The Thursday Thesis - 09/08/2018
Say the words “I am” and your entire nervous system stands to attention.
Tell me what you do and I’ll likely drift off to sleep...
It’s a funny thing, but when you think of those two statements the chances are that you’ll conflate them down to being the same thing – even though they are chalk and cheese to anyone interested in making changes to their lives and behaviours.
Here’s why they are different: “I do” is an activity statement, whilst “I am” is an identity statement.
Whenever we say that we do something we are just talking about an activity, a behaviour pattern: it’s just something we do.
For example, when someone tells me that they play guitar, they are telling me what they do. This is different to when someone tells me that they are a guitarist: in this case they are telling me that playing guitar is a vital part of who they consider themselves to be.
The same goes for a person who repeatedly puts lighted cigarettes in their mouth but wants my help to stop doing it.
The subject who tells me that she “...is a smoker” or says “I am addicted to cigarettes...” has made smoking a part of who she believes herself to be. Making a change to her identity will be challenging and painful (for her) because it places her sense of self under threat: we all fight like demons to preserve our sense of self and what is right and proper for us.
Contrast this with the same person who says “...I smoke 20 cigarettes every day” or “...I have a smoke at break-time when I am at work”. This person is recognising – probably below the level of her conscious awareness – that smoking is just something she does. In this case smoking is not part of her identity, so change will be easier to implement and maintain because it conveys no threat to her sense of self.
Here’s the cool part: if you consciously make the things you want part of your identity, they will feel much easier to accept into your life and to integrate with other aspects of who you feel yourself to be.
Likewise, changing your unwanted behaviours can be made easier by de-coupling them from your sense of self.
Both of these routes are driven by language patterns and your sense of identity; simply changing the words nudges your behaviour either towards what you want or away from what you don’t want, and this is one of the reasons why daily journaling, affirmations and goal-setting are so effective.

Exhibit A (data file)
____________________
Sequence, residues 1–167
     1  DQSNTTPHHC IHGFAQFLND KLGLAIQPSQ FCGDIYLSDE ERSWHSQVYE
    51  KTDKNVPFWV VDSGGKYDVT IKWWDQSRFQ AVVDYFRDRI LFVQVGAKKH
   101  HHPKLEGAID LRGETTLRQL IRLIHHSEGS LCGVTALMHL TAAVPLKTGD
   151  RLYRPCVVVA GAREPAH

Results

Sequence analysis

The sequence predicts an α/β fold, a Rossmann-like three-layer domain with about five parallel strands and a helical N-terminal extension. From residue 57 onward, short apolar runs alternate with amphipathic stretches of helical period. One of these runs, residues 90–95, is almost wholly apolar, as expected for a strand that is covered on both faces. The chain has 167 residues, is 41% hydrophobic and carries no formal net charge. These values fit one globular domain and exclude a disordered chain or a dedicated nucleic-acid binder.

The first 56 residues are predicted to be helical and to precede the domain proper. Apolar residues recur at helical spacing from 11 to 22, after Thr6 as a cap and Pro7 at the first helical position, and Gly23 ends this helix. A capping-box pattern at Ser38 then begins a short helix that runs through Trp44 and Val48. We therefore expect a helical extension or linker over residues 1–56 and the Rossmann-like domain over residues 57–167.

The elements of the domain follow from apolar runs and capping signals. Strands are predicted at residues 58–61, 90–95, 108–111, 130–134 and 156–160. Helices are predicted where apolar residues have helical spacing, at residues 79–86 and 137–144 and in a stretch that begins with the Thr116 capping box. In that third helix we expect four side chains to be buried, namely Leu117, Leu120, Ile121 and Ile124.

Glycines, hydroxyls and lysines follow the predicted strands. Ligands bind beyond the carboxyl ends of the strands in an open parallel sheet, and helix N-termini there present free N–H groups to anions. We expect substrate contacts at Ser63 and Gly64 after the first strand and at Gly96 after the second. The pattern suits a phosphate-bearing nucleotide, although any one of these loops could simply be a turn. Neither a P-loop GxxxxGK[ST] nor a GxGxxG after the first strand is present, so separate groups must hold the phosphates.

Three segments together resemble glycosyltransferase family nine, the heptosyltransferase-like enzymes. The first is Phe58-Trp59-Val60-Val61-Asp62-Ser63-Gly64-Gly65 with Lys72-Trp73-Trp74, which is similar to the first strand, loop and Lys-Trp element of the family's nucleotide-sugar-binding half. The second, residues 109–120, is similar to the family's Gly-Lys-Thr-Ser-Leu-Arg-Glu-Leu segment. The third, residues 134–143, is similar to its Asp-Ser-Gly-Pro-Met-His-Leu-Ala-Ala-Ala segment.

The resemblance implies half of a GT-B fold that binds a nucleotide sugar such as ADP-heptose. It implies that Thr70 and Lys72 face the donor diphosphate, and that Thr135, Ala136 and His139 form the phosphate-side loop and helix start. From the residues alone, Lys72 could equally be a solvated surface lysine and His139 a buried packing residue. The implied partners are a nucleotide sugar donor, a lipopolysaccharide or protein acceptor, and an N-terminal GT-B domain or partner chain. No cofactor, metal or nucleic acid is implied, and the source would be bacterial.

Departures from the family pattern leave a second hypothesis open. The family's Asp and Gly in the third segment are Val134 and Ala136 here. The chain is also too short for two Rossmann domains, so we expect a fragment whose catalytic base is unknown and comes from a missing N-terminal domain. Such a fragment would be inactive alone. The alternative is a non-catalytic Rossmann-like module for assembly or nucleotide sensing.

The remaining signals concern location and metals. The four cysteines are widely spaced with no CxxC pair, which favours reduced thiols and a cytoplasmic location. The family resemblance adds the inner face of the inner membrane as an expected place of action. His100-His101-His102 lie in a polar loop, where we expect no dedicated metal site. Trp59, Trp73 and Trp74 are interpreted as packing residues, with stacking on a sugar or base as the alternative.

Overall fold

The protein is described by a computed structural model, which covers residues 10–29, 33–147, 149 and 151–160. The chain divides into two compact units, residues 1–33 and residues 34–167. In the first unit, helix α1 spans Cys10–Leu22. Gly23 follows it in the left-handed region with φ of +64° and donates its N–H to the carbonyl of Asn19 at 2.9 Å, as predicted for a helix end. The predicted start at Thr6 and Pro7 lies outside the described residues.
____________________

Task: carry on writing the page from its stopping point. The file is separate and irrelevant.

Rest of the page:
The daily re-statement of desired outcomes, statements made in terms of our identity, realigns our sense of who we are and what is right and proper for us.
In essence, we believe the lies we tell ourselves about who we are and how the world is.
Try this for yourself, right now: say out loud “I am a singer”, and just notice how that feels, deep down inside...
Now say “I do sing, from time to time” and notice how that feels, deep down inside of yourself.
There’s a big difference between how those two statements make you feel.
Unless you are already a singer, the “I am a singer” statement will probably feel bigger, more significant and more uncomfortable that the “I do sing...” statement. After all, singing is just something you do, isn’t it.
This is why we resist the thing we want, rather than integrate it into our identity and do it more whilst having more fun along the way.
And here’s a little sidebar to stir into the mix: some people will add a situational qualification to their behaviour and constrain it to a place or time when it is acceptable – for example, singing might only be OK when we are in the shower, driving the car, or when nobody else is at home.
So what do you say about yourself, and what does that say about you?
I used to say (jokingly) that I was a good guy who did bad things – just to even things out. The problem is that my tiny, pea-sized brain doesn’t have a sense of humour and interpreted the joke as a mission statement, with disastrous and life-changing consequences.
Now I remind myself that I’m a good man who does good things.
And it’s getting better.
Everything begins with a single thought...
© Neil Cowmeadow 2018
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